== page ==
User Tutorial - Working with Videos

Updated for version mgui-1.0.20-alpha

This tutorial takes you through the steps of setting up a video sequence, running it, and writing it to a series of image files. The final section describes how to convert these image files into a video file, using VirtualDub or avconv software.


Videos in ModelGUI are a means of adding a temporal dimension to your shape models; i.e., by changing camera angles, shape morphology, attributes, vertex data, and so on. This is a powerful way to visualize both static and dynamic data, and also allows shape models to be represented persistently as video files. The following tutorial explains the basic concepts underlying the way videos are specified and run in the ModelGUI session. A description of how to convert these videos to files is also provided.

For this tutorial, if you are using Windows, you will need to download VirtualDub software, a freely available video production tool which will allow you to produce and fine-tune your video output. If you are using other OS platforms, see "Other platforms" at the end of this tutorial.

You will also need to download this Shape Model file, so we have something to visualize:


Setting up a session

First we need some shapes and a 3D window to render. To do this, open the File Panel expand the "Input" section, select "ModelGUI Shape Models (*.smod, *.smod.gz)" as the file type, click "Browse", and navigate to the "user-tutorial-videos.smod.gz" file you downloaded above. Now click "Read Data", and your shape model will load. To view it, right click anywhere in the window space (under "Tab1") and select "New window > Graphic 3D Window". Next, to set the current model as this window's source, right-click again and select "Set source > Default Model". You screen should now look like:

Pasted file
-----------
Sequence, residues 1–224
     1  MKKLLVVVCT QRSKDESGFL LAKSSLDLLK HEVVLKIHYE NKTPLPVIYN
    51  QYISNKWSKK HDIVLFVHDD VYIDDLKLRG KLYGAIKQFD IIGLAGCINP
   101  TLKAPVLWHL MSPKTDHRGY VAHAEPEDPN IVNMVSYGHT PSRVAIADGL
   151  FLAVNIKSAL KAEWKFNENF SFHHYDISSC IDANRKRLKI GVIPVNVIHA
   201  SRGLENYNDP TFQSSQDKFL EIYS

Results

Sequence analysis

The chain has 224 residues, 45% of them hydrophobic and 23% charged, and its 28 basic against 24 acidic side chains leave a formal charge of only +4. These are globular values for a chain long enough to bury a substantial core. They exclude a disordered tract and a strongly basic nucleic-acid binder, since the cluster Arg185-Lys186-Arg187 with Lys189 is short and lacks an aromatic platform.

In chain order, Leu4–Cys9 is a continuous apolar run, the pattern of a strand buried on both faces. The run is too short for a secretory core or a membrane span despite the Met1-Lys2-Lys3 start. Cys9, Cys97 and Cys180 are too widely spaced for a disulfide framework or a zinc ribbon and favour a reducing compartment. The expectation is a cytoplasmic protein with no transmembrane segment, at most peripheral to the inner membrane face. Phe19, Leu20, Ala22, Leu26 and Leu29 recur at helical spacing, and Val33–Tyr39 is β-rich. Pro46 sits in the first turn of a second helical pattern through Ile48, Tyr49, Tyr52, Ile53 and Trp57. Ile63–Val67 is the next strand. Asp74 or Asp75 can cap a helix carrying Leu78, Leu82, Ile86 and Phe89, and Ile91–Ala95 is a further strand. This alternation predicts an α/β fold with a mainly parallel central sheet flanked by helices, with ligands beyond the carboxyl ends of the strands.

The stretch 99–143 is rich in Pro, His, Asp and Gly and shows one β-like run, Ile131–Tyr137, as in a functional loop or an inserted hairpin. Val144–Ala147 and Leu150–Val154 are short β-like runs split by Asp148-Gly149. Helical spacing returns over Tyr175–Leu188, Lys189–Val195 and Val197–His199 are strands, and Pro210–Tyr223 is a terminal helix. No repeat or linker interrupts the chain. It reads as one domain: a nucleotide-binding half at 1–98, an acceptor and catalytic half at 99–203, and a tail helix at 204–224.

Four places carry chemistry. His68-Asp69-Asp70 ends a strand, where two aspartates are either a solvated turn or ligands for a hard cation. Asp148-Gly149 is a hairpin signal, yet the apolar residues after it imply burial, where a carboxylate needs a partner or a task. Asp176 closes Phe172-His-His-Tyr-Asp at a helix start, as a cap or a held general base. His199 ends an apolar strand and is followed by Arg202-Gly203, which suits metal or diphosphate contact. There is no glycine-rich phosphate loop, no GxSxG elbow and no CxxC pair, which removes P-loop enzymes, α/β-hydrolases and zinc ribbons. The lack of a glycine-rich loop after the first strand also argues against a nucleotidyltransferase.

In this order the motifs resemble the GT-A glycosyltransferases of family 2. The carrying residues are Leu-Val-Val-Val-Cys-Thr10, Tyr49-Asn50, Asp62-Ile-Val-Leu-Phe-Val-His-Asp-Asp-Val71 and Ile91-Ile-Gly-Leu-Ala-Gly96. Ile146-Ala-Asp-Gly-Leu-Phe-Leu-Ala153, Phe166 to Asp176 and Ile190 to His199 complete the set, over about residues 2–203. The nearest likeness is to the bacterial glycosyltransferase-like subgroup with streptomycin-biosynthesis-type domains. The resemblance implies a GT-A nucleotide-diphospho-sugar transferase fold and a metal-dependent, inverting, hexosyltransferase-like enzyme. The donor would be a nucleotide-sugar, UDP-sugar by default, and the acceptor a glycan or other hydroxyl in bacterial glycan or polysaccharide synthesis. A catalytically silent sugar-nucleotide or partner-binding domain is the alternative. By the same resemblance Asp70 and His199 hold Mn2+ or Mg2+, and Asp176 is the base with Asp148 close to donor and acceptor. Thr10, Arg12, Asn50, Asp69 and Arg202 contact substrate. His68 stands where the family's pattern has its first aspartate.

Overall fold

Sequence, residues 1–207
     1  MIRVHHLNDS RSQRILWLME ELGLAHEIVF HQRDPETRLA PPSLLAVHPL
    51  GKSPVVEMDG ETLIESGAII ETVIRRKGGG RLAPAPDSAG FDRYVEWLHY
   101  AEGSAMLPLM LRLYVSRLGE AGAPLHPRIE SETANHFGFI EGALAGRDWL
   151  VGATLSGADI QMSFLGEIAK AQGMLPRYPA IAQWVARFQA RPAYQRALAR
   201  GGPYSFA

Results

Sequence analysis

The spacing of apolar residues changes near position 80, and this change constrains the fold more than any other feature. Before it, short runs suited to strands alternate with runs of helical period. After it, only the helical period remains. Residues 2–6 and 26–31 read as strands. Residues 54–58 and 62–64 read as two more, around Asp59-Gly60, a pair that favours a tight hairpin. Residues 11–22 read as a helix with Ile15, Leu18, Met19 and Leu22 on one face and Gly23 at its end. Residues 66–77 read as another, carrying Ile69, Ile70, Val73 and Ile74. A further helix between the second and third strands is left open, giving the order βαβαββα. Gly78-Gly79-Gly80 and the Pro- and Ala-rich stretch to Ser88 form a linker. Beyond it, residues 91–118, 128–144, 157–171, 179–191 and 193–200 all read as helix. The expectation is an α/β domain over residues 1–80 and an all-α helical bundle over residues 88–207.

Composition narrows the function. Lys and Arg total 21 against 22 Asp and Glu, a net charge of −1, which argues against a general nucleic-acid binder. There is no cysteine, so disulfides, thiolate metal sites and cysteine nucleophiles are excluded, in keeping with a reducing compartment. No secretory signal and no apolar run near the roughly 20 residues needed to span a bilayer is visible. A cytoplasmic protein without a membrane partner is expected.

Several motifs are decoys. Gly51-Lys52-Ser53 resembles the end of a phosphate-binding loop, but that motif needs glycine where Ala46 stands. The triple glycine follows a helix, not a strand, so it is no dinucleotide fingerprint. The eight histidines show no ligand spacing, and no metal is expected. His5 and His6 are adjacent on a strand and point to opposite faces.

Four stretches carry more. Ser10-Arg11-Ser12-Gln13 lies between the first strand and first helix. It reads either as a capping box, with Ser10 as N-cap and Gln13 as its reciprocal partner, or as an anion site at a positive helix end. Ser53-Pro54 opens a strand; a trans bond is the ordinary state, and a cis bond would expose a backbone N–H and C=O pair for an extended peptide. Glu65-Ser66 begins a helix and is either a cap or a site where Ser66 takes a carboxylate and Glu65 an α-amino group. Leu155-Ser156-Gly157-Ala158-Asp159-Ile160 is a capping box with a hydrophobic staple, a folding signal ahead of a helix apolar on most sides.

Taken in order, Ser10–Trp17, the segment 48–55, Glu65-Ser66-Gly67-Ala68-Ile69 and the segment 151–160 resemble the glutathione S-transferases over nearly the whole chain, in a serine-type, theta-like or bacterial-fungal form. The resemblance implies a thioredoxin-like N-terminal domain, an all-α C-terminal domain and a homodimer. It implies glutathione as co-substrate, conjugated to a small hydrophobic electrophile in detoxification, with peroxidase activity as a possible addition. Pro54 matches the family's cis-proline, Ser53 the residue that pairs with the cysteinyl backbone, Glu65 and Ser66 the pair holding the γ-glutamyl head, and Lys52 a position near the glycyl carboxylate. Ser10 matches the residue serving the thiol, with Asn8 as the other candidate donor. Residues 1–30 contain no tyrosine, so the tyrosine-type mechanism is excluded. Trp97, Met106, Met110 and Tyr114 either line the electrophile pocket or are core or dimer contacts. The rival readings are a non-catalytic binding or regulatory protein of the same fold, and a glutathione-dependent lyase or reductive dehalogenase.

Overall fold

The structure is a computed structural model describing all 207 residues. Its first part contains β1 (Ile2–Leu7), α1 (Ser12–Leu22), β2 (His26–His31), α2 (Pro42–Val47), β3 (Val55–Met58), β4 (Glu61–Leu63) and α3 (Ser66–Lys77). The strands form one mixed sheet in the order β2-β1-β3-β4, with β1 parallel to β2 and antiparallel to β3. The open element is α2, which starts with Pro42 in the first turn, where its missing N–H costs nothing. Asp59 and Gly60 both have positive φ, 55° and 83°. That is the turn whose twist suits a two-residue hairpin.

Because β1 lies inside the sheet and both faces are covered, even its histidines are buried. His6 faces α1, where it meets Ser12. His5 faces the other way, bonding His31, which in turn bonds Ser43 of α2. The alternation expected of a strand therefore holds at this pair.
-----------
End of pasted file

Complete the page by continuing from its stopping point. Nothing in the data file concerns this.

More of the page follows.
* Note: this file includes the geometry for the Civet template surface (see here), and its corresponding Laplacian field (see here).

Setting up a video

Now we're ready to play with the video GUI. Go to the Windows Panel and expand the "Video (3D)" section. The UI looks like this:


To get started, we'll want to create a new video, so click "New" and call the video "spin_360". The new video will be current, with a default duration of 1 min:


Video tasks

Videos are specified as a set of scheduled tasks, which manipulate shapes, cameras, attributes, etc., at specific time points during the video playback. Tasks are displayed in the Task List. To add a new task to the list, click "New task". Three types of task are currently available (more types are planned):

  • SetView3D: Sets the camera of the 3D window to a specific view
  • RotateView3D: Rotates the camera of the 3D window about its X and Y axes
  • AttributeUpdate: Allows object attributes to be altered
  • ChangeSections: Iterates the current section of a 2D window between two sections

For our simple video, we want to do two things:

1. Set the initial view to left, sagittal
2. Rotate the camera 360 degrees ($2\pi$ radians) about its Y axis

This involves two tasks. First, add a SetView3D task, set the start and stop times both to "00:00:000", and choose "sections_sagittal" as the target view. Unselect "Set zoom" and "Set target point", and the dialog should look like this: